Human Capital Ministry faces judicial double blow

A court unanimously rejected the ministry’s appeal against delivering food to soup kitchens while a federal prosecutor opened an investigation into alleged embezzlement

Argentine Education Secretary Carlos Torrendell and Minister of Human Capital Sandra Pettovello attend a ceremony, to pay homage to the victims of the 1992 Israeli embassy bombing, in Buenos Aires, Argentina, March 18, 2024. REUTERS/Agustin Marcarian

Argentina’s Human Capital Ministry was given 24 hours to present a plan for delivering food sitting in government warehouses on Wednesday by Buenos Aires City’s Federal Court. On the same day, federal prosecutor Ramiro González opened a separate investigation into an alleged embezzlement scheme in the ministry, with irregular employment contracts signed through the Ibero-American States Organization (OEI, by its Spanish acronym).

Two weeks ago, the news website El Destape published that 5,000 tonnes of food were sitting in two government warehouses. Social leader Juan Grabois filed a complaint against Human Capital Minister Sandra Pettovello in February for not delivering food to soup kitchens and, in May, requested an ocular inspection of the warehouses.

On May 24, prosecutors Andrés Nazer and María Paloma Ochoa gave a five-day deadline for the ministry to deliver the food to the registered soup kitchens and demanded precise information on the stash in a ruling signed by Casanello. The ministry appealed days later.

However, on Wednesday, the city’s federal court’s judges Martín Irurzun, Eduardo Guillermo Farah, and Roberto José Boico unanimously rejected the ministry’s arguments for the appeal in a 38-page ruling. The ministry claimed that Casanello’s order to hand over the food to food kitchens would “imply an interference of the Judicial Branch in the sphere of action of the National Executive Branch” and would be ineffective as the warehouses mainly contained “yerba mate.”

However, Irurzun said that the government’s food security policies were not under discussion, “but rather, plain and simple, whether there was an unlawful action by public officials that further aggravated the catastrophic situation of an important group of people who do not have their basic human rights covered.”

Farah noted that an ocular inspection revealed that “a very high percentage of the stored foodstuff is other products [than yerba mate, as the government claimed] whose usefulness for the needy sectors is undeniable.” Some of those products include sunflower oil, lentils, chickpeas, powdered milk, tomato puree, peanut butter, flour, and rice.

Farah also said that during a legal audience on Tuesday, Grabois and the ministry’s legal secretary Leila Gianni were a “sorry spectacle” as they screamed at each other and “did not fully explain the factual and legal reasons that supported their respective positions in the case.” The court also recommended the Public Bar Association and the Human Capital Ministry evaluate Grabois and Gianni’s behavior.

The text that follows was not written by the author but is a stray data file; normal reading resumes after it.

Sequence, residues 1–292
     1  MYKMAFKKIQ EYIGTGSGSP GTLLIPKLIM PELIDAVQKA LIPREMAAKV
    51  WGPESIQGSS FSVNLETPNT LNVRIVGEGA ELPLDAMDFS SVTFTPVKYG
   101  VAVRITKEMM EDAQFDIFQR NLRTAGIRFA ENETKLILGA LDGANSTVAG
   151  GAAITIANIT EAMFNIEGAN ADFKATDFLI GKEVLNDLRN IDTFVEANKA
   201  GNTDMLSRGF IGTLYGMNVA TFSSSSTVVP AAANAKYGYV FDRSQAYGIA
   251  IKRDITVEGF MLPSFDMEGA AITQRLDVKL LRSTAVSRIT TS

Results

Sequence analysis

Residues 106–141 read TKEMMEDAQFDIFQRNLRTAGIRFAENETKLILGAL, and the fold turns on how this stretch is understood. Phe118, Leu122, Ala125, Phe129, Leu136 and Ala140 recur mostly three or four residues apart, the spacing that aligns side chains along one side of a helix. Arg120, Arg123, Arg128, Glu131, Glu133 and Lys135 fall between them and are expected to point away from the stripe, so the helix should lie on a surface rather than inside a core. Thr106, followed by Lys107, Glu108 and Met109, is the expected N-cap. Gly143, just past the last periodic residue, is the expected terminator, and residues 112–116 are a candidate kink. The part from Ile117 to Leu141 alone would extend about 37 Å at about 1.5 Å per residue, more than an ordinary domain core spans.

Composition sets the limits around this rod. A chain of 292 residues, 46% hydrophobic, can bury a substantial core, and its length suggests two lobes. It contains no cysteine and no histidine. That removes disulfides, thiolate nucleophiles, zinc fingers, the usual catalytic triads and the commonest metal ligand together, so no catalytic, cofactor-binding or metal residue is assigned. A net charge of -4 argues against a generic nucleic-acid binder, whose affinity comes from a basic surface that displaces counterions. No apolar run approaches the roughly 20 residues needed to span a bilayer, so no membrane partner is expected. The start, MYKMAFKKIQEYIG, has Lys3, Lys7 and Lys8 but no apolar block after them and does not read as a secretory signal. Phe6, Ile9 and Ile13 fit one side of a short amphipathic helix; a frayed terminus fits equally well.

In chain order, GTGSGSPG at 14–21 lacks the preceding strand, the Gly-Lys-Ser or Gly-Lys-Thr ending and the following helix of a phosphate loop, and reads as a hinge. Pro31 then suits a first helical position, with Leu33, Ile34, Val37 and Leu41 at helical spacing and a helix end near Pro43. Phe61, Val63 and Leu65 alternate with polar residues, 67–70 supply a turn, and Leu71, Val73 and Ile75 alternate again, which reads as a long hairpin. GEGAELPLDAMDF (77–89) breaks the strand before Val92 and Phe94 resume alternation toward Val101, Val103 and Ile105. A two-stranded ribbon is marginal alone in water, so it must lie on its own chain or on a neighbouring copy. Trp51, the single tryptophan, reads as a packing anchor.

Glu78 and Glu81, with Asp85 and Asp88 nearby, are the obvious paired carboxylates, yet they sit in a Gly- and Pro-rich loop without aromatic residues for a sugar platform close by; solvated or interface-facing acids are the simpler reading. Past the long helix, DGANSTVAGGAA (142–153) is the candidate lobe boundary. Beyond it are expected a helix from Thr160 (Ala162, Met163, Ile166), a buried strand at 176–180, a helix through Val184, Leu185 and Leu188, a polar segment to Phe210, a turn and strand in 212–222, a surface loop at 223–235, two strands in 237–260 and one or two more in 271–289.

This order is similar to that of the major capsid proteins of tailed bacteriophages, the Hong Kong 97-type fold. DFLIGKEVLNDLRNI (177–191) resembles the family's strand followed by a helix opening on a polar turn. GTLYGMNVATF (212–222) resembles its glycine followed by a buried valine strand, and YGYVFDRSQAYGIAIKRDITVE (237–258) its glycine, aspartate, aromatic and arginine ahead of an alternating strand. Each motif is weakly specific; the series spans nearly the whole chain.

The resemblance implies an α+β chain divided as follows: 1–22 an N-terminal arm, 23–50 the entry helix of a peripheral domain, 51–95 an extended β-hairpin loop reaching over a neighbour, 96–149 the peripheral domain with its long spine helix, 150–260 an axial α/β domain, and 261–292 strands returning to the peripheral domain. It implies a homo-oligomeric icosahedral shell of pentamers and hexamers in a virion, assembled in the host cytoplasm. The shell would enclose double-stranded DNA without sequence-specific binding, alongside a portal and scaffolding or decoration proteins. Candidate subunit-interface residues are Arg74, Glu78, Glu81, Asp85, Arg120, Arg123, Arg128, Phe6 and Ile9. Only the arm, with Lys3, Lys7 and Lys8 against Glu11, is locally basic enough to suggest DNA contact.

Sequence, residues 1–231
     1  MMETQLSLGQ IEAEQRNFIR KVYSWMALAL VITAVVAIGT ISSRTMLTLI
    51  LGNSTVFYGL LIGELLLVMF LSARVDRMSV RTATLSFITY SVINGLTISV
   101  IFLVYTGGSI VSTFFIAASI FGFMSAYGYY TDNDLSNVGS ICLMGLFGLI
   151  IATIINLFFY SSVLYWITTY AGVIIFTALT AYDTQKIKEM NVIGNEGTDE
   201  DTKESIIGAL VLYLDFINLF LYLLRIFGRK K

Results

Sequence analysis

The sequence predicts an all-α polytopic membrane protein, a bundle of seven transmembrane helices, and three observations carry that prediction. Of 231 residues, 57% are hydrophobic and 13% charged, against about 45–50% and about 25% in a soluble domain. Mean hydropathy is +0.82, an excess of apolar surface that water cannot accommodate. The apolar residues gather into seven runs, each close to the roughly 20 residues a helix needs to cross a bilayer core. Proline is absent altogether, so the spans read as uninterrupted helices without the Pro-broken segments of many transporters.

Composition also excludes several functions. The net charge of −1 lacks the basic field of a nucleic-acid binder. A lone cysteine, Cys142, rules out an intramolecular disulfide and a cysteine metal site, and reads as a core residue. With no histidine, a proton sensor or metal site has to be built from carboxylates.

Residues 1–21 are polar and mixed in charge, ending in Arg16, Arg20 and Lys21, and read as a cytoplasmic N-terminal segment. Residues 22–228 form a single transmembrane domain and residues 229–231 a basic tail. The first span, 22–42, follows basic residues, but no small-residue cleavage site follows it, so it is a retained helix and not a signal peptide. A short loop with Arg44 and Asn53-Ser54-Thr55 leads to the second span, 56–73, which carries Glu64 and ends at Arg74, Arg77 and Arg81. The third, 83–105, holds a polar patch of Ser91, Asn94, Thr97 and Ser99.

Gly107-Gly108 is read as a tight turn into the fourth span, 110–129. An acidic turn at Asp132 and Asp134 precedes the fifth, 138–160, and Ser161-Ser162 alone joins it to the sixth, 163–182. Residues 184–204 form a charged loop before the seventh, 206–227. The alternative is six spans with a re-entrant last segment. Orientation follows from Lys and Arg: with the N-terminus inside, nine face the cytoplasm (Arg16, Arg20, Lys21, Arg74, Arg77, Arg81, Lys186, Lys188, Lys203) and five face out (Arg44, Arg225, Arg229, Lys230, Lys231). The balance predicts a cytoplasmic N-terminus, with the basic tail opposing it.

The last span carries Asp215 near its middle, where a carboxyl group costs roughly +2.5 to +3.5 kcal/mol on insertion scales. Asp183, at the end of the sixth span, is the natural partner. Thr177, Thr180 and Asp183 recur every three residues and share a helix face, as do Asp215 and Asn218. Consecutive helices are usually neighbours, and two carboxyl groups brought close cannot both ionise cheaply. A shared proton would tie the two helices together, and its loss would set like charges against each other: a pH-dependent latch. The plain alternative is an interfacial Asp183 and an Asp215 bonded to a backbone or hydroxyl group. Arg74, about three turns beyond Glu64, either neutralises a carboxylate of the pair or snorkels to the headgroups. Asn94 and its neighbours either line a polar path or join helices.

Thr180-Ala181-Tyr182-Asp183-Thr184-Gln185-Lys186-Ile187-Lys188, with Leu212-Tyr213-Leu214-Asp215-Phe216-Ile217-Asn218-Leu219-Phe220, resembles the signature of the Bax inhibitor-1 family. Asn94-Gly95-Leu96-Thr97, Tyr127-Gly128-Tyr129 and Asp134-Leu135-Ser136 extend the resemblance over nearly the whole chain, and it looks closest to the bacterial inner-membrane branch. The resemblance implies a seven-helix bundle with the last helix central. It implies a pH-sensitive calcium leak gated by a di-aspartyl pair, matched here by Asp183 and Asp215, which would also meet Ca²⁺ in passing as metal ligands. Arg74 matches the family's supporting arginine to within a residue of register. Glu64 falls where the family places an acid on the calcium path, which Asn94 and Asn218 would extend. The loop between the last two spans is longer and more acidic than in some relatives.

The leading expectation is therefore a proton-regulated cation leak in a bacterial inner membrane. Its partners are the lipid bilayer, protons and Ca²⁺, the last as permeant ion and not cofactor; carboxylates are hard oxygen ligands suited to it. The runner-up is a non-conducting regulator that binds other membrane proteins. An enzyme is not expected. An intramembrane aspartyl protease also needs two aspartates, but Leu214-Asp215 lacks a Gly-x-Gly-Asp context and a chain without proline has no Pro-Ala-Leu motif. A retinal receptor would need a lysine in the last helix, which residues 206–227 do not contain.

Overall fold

The ministry has been quarreling with social movements such as the Movimiento de Trabajadores Excluidos, led by Grabois, accusing them of corruption. Most soup kitchens in the country are managed by people in social movements and the government’s decision to stop delivering food is politically motivated, with Presidential Spokesman Manuel Adorni referring to them as “managers of poverty.”

“We won the appeal. Life gives you surprises. Say whatever you want, Pettovello, but you have 24 hours: distribute the food,” Grabois posted on X. He also “welcomed” his potential sanction as “there is no battle without wounds.” Grabois also claimed that at least one civilian acting as Gianni’s security during the hearing was armed, something he said is “strictly forbidden.”

Last week, the ministry announced that the Army would distribute the food together with the CONIN foundation, an institution founded by pediatrician Abel Albino, who in 2018 famously said that condoms are not a good protection against HIV as “the virus can go through porcelain.”

However, the warehouse scandal is not the only legal ordeal the Human Capital Ministry is facing. Federal prosecutor Ramiro González opened a criminal case to investigate the allegedly illegal hiring of personnel through the OEI. The ministry itself filed that complaint against its former Childhood, Adolescence, and Family Secretary Pablo De la Torre.

According to Gianni’s complaint, the ministry hired apparent independent consultants through the OEI who “withdrew the money from their accounts, exchanged it for U.S. dollars, and gave it to the officials, who distributed it to workers not included on the current payroll and others to low-paid employees.”

“The remaining dollar amounts were given to Pablo De la Torre to pay the salaries of personnel who were never appointed,” González wrote.

González demanded certified copies of the agreements between the Human Capital Ministry and the OEI, a complete list of the ministry’s employees, and the documents of the ministry’s internal investigations. González also called the ministry’s administrative undersecretary Alejandro Schiavi and a legal representative for the OEI to give testimony.

The government has consistently shown support for Pettovello, with President Javier Milei appearing unannounced in Adorni’s daily press conference on Tuesday and saying that “Kirchnerists” are the corrupt ones. “She is the best minister in history,” he said.


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